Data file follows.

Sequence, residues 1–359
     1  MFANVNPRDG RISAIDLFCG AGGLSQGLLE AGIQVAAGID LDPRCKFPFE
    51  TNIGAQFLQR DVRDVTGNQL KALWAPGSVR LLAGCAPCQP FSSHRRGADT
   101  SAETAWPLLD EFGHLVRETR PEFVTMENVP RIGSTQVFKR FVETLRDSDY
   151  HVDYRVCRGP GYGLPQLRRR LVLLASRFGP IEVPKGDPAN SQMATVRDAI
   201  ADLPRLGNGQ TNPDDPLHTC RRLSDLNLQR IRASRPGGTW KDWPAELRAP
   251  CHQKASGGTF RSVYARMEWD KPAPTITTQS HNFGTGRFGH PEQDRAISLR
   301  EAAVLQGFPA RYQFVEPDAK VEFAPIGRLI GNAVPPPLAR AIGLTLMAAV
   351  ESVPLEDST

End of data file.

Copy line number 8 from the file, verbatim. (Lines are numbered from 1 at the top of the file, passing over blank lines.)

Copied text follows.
   301  EAAVLQGFPA RYQFVEPDAK VEFAPIGRLI GNAVPPPLAR AIGLTLMAAV